The BBC's New Radio Can Alter Broadcasts Based On Who's Listening

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AlfvanBeem via Wikimedia Commons

A responsive radio could add localized, real-time weather updates, adjust background noise levels and more.

BBC’s Future Media North Lab has created a responsive radio that’s capable of changing the broadcast you hear based on your location, your proximity to the device and other factors.

The Perceptive Radio premiered at the Thinking Digital conference yesterday in Gateshead, U.K.

The WiFi-streaming radio features a computer-generated voice that pulls data from external sources and can vary its references to the location of the listener and tailor weather-related references like “it’s sunny” or “it’s raining” accordingly. Its microphone monitors background noise and can adjust audio levels for specific sounds, amplifying speech and reducing background sounds, for example, if you’re sitting farther away.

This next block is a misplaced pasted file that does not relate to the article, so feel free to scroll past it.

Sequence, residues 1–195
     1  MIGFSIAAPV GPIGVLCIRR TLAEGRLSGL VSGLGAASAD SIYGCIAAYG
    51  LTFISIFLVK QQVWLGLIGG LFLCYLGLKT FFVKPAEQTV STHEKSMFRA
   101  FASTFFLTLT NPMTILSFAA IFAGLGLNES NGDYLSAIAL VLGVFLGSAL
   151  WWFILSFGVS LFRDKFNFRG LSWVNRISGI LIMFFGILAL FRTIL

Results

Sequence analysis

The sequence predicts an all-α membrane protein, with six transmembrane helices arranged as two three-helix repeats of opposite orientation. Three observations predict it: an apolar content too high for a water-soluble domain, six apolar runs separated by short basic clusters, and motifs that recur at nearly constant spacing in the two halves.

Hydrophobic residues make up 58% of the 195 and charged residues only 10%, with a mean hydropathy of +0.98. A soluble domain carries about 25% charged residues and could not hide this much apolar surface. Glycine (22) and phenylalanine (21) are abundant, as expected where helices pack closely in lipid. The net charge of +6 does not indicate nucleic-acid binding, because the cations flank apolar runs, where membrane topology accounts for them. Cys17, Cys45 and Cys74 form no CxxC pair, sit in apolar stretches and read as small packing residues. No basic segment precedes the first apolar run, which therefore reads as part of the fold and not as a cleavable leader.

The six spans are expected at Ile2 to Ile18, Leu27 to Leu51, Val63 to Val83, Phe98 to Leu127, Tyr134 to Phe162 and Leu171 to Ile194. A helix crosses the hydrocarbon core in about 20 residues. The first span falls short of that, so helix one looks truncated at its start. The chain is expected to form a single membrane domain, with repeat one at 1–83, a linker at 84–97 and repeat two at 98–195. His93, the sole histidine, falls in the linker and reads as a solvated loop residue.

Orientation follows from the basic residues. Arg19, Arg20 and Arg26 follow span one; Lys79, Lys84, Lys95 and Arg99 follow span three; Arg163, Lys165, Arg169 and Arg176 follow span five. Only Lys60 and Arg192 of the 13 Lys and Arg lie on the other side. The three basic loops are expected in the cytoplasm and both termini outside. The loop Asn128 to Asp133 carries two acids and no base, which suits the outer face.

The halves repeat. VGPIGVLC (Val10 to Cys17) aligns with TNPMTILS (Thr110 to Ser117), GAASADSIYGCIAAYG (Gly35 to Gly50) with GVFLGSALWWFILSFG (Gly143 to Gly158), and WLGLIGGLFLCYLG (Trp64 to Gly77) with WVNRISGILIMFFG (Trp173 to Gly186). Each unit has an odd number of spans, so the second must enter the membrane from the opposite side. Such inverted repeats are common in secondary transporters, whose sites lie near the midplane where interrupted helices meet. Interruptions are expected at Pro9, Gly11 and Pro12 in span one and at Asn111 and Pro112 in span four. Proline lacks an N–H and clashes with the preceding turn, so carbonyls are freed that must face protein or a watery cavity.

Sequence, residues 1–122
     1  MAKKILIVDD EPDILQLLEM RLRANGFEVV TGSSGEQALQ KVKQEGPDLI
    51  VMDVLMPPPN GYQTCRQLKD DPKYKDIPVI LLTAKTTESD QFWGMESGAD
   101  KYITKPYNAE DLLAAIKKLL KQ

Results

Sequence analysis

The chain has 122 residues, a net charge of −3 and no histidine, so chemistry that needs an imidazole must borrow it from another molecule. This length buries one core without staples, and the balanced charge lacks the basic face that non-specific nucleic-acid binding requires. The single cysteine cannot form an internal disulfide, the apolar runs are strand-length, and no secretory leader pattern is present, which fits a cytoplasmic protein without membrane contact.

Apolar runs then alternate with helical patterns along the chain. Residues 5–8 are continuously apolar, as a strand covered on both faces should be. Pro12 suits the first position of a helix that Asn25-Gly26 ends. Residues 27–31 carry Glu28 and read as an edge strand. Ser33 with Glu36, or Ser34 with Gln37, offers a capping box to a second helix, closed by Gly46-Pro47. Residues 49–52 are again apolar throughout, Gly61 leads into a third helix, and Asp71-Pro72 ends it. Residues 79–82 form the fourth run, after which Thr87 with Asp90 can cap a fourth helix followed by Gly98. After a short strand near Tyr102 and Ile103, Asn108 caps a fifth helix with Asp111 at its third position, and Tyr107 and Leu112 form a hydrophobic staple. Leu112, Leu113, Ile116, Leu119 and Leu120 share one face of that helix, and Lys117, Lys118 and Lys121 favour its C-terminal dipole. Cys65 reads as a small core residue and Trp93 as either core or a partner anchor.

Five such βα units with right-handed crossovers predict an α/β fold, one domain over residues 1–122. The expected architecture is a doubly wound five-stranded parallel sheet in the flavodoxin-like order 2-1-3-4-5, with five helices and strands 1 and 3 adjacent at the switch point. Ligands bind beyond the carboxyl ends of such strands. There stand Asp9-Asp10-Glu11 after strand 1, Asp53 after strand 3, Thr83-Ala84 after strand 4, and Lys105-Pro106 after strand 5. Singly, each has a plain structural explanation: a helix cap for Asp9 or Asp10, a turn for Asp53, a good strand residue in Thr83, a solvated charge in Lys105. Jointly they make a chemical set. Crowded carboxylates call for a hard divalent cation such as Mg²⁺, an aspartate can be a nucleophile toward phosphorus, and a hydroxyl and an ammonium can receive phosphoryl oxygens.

According to The Next Web, the BBC’s Ian Forrester has suggested that it could be used in homes to create a kind of radio-drama karaoke that audiences could participate in.

BBC technologist Tony Churnside told BBC News it represents “the early stages of looking at what next-generation broadcasting is.” He compared it to responsive web design, shaping the user’s experience based on the different devices they might be on.

You can see a demonstration here of a short audio drama about a woman stuck in an elevator produced with Perceptive Media technology.

[BBC News]


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